February 2007 - Call Compliance News
The ATA is currently set to issue self regulatory standards addressing consumer needs in an attempt to minimize the need for future legislation. The regulatory standards will set the professional guidelines within the call center industry. Self regulatory efforts are almost always better than legislative response to consumer complaints, and I would recommend that, if acceptable, you support these guidelines.
The FTC has issued its list of top consumer complaints from 2006. “Do-not-call” list complaints were not in the top five. Identity theft complaints constituted more than one third of the total number of complaints.
The FTC has reiterated that consumers should not be concerned that their cell phone numbers will be released to telemarketers at any time in the future. Cell phone numbers may not be called using predictive dialers without express consent.
A recent MSNBC story, http://redtape.msnbc.com/2007/02/suing_telemarke.html, publicized the availability of the TCPA to obtain judgments against telemarketers in small claims court. The article mentions other websites which walk potential plaintiffs through TCPA claims. You should be aware, however, that not every professional plaintiff brings valid claims appropriate for settlement. If you do settle every claim, valid or not, you may become a target for future actions. Please contact me if you would like to discuss this matter further.
A bill has been proposed in the U.S. House of Representatives which would amend the Telephone Consumer Protection Act to specifically prohibit deceptive caller ID information. Entities would still be permitted to block caller ID transmission, but deceptive caller ID would specifically be banned and the FCC would be directed to promulgate regulations implementing that prohibition.
A bill has been proposed in Colorado (HB 1303) which would create a Colorado junk mail opt-out list, with exemptions for charitable nonprofit organizations, political organizations, and businesses with which the recipient of the mail has an established business relationship. Currently, there is no similar state or federal statute in existence; although a federal postal law allows consumers to opt-out of unsolicited adult mailings.
A bill has been proposed in the Connecticut Senate (SB 1232) which would include text messages within the definition of marketing or sales solicitations subject to the state “do-not-call” list law.
A hearing has been scheduled before an appellate court in Florida with regard to whether past purchasers fall within the established business relationship exemption to the Florida “do-not-call” list. The Florida Department of Consumer Protection has argued that a past purchase (e.g. at a department store) does not constitute an established business relationship for the purposes of Florida law. This argument belies the text of the law which includes “past” relationships, but the Department of Consumer Protection did prevail at the trial level.
A bill has been proposed in the Kansas Senate (SB 195) which would include political telephone calls which do not disclose who paid for the call in the state’s definition of “corrupt political advertising”.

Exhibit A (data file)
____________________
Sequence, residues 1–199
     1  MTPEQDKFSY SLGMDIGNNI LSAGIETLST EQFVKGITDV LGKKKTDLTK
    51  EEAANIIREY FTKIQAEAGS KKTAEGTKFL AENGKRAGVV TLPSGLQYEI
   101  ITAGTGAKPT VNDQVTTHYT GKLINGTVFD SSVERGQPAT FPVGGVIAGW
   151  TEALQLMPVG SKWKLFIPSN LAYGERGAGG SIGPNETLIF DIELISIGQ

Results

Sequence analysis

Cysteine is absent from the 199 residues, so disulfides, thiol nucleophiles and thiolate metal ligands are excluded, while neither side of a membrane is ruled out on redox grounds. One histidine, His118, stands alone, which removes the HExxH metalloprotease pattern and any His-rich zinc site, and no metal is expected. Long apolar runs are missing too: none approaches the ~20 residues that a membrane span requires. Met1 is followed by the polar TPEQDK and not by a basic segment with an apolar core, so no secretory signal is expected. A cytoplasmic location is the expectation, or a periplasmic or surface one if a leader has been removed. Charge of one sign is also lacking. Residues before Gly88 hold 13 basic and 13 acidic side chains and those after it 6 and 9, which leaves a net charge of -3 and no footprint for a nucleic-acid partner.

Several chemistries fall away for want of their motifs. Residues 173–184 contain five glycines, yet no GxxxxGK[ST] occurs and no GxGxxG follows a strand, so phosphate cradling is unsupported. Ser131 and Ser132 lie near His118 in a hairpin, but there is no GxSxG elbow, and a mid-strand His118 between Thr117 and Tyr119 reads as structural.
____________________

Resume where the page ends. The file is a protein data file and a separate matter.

A bill has been proposed in the Minnesota House of Representatives (HB 116) which would require telemarketing sales or service call centers to disclose their physical location upon request and to request service from a person located in the United States if desired.
A bill has been proposed in the Minnesota Senate (SB 833) which would require that third party services billed on telephone bills include a contact number for the third party.
A host of bills have been filed which would bar prerecorded political calls to persons on the state “do-not-call” list. Apparently, these bills have bipartisan support in both the Missouri Senate and House of Representatives. The FTC has requested a permanent injunction from the United States District Court against an entity which allegedly deceptively obtained and sold consumers’ confidential phone records without knowledge or consent. By this action, the FTC continues to aggressively investigate lead generation and sales activities. Lead generators are just as likely to be investigated for Telemarketing Sales Rule violations, for example, as the telemarketers themselves.
A bill has been proposed in the New York Senate (SB 2852) which would impose a curfew between the hours of 5:00 and 7:00 p.m. and 8:00 and 10:00 a.m.
A federal judge in North Carolina has found that a Texas satellite television company violated the TCPA by calling hospital telephone lines with prerecorded telemarketing messages. The TCPA prohibits all autodialed, prerecorded and predictive dialed calls to public safety numbers and you should implement procedures to avoid calling these numbers, even if your calls are legal to other consumers or residences. U.S
Congressman John Doolittle (R) has introduced legislation to include political prerecorded calls on the national “do-not-call” list. Similar legislation has been proposed in many states.
A Federal Court has ruled that a state representative violated the Telephone Consumer Protection Act by sending more than 20,000 prerecorded messages last year to Oklahoma citizens. The judge ruled that the prerecorded message did not disclose the name and telephone number of the business of the individual initiating the call. The TCPA states that all calls must disclose the name of the caller and a telephone number which can be used to make a “do-not-call” request during normal business hours. The TCPA does not contain exceptions for any sorts of prerecorded calls, even non-solicitation, information, or political calls.
A bill has been proposed in the Texas Senate (SB 599) which would require that telephone calls supporting or opposing a candidate or ballot issue disclose who paid for the message or who authorized the call.